The sizeable townhouse where Alice Roosevelt Longworth lived and hosted her political salon for decades still stands square and formidable, just off lively Dupont Circle in Washington, D.C. It seems a fitting stage for Theodore Roosevelt's daughter, who was nothing if not formidable, and was always happy to be at the center of the action.

Alice was a rare bird for her time and place: a truly free woman with an independent mind, who did and said exactly what she wanted from her teen years as Princess Alice in the White House to her old age as the witty truth-teller of the 1970s. Though Alice lived in the public eye daughter of a president, wife of House Speaker Nicholas Longworth she kept her inner life private. Now, 27 years after her death, biographer Stacy A. Cordery is able to tell us more than we've ever known about what went on in Alice's head, thanks to access to her personal papers provided by the Longworth family. The resulting portrait in Alice shows a woman who came by her independence the hard way, as a defense against abandonment and grief.

Her mother died at her birth. Her father couldn't bear to be near a baby who reminded him of his dead wife. Her stepmother tried her best, but had a completely different personality. Her husband was a drunk with the sexual morals of a stoat. Her longtime lover couldn't leave his wife. And her only child died at 31, in a possible suicide. No wonder Alice became tough-minded the only alternative would have been collapse.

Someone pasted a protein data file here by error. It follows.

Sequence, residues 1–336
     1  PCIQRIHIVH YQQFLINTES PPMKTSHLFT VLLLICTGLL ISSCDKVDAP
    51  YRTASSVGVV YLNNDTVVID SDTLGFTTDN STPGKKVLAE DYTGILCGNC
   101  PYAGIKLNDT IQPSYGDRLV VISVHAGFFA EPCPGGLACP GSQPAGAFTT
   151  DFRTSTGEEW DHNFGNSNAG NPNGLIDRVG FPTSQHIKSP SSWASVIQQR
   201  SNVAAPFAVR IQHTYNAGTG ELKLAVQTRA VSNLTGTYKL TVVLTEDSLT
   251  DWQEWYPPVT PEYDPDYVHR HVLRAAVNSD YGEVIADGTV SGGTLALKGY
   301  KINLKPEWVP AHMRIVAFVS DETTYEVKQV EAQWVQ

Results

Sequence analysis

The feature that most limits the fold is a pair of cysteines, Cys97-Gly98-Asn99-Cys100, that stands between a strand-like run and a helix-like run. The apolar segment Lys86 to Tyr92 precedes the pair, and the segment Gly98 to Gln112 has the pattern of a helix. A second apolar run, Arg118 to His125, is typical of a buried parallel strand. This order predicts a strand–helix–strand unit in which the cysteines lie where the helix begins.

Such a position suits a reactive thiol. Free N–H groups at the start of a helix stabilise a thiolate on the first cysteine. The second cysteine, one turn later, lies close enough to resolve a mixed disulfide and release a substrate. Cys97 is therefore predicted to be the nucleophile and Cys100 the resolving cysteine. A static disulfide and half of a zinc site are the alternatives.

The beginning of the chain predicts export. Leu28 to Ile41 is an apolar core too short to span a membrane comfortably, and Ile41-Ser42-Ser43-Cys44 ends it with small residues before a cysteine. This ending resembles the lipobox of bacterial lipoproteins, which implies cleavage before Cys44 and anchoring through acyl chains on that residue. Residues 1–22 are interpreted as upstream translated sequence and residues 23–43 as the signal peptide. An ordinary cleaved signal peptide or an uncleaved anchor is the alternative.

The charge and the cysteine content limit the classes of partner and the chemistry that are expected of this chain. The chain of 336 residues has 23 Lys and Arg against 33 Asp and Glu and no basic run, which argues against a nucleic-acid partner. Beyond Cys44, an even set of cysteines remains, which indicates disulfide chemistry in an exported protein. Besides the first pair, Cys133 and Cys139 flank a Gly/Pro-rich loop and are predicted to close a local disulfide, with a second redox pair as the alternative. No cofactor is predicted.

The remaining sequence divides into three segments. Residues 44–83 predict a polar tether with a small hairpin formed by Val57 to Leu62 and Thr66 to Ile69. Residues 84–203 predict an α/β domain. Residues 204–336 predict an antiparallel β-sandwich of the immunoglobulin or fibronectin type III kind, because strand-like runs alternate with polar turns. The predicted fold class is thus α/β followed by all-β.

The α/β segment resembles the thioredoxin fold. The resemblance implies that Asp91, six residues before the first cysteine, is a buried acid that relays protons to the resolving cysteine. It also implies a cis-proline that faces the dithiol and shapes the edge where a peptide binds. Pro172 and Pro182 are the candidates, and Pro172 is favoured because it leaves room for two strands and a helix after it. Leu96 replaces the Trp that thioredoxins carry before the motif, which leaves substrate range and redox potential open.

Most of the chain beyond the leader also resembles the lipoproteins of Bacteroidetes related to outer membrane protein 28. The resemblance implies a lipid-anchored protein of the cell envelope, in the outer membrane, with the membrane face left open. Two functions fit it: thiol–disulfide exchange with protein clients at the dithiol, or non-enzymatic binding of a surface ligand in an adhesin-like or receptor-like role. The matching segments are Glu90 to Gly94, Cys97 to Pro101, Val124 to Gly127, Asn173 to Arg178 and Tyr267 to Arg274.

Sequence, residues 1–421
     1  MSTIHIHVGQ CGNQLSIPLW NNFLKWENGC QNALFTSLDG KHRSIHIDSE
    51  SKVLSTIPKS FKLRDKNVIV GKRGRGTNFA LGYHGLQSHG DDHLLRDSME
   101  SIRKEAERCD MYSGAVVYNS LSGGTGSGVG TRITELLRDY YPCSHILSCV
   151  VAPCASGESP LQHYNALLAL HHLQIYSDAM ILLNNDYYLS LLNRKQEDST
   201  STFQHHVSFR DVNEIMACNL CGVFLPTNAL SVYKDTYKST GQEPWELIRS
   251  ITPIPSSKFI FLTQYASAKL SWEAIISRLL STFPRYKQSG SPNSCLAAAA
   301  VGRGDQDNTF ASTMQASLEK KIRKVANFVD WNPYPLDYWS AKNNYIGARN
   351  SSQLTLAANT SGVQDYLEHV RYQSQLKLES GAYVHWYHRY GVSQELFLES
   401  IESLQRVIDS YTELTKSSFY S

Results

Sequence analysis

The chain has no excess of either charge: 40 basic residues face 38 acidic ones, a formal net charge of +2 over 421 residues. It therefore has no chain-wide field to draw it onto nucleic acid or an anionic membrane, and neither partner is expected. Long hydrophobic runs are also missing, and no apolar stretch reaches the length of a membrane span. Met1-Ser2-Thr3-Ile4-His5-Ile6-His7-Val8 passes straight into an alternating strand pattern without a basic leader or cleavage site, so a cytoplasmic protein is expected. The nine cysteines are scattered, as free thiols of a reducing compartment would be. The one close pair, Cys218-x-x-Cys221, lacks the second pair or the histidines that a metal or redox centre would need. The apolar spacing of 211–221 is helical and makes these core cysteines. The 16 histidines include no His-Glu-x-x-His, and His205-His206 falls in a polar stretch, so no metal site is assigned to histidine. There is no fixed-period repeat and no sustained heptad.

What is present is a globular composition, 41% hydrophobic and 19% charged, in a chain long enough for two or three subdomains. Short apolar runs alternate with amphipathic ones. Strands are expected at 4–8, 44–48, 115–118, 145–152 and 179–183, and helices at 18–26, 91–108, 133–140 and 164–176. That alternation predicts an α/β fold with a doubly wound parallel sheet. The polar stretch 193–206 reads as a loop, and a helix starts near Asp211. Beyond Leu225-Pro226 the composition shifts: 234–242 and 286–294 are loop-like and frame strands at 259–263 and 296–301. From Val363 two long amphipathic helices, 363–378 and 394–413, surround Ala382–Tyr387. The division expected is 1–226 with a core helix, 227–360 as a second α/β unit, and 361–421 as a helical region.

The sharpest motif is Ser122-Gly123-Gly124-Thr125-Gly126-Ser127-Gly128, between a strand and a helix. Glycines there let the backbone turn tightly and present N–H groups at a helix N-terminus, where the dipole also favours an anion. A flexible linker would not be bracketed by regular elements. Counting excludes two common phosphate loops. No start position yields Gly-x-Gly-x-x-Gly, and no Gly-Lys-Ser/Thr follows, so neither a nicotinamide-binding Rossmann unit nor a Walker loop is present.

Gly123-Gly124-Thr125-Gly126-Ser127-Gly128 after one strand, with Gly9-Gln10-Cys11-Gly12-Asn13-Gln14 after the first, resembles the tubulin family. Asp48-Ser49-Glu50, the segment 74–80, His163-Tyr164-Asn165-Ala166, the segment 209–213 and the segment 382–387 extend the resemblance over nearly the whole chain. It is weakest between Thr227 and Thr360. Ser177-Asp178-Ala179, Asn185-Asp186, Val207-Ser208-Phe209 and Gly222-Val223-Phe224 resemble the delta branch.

Cordery, the author of a Theodore Roosevelt biography, mines diaries and letters for insights into Alice's rebellious teen years, her marriage, and her love affair with William Borah, the maverick Republican senator from Idaho. Borah's coded love letters to Alice confirm what has been assumed: He, not her husband, was the father of Alice's daughter Paulina.

Borah and Alice were also political allies, and both were consistently on the wrong side of history. Alice inherited her father's brilliant mind, but not his broad-minded compassion. She fought the League of Nations, the New Deal, intervention in World War II. Her vicious attacks on her first cousin Eleanor Roosevelt still make ugly reading. Cordery is able to explain them as the byproduct of Alice's rage that lightweight cousin Franklin had usurped the position she thought her beloved brother Ted Jr. should have had. Alice calmed down in old age. She raised her orphaned granddaughter and befriended talented younger people of all political persuasions, among them Richard Nixon and John F. Kennedy. And she read. Alice was a lifelong autodidact with amazingly eclectic interests. After her political dinner parties at the house off Dupont Circle, Alice would retreat to her bedroom and read through the night poetry, biology, folklore, anything and everything. Cousin Franklin was famously said to have a second-rate mind and a first-rate temperament. Alice was first-rate on both counts.

Anne Bartlett is a journalist in Washington, D.C.


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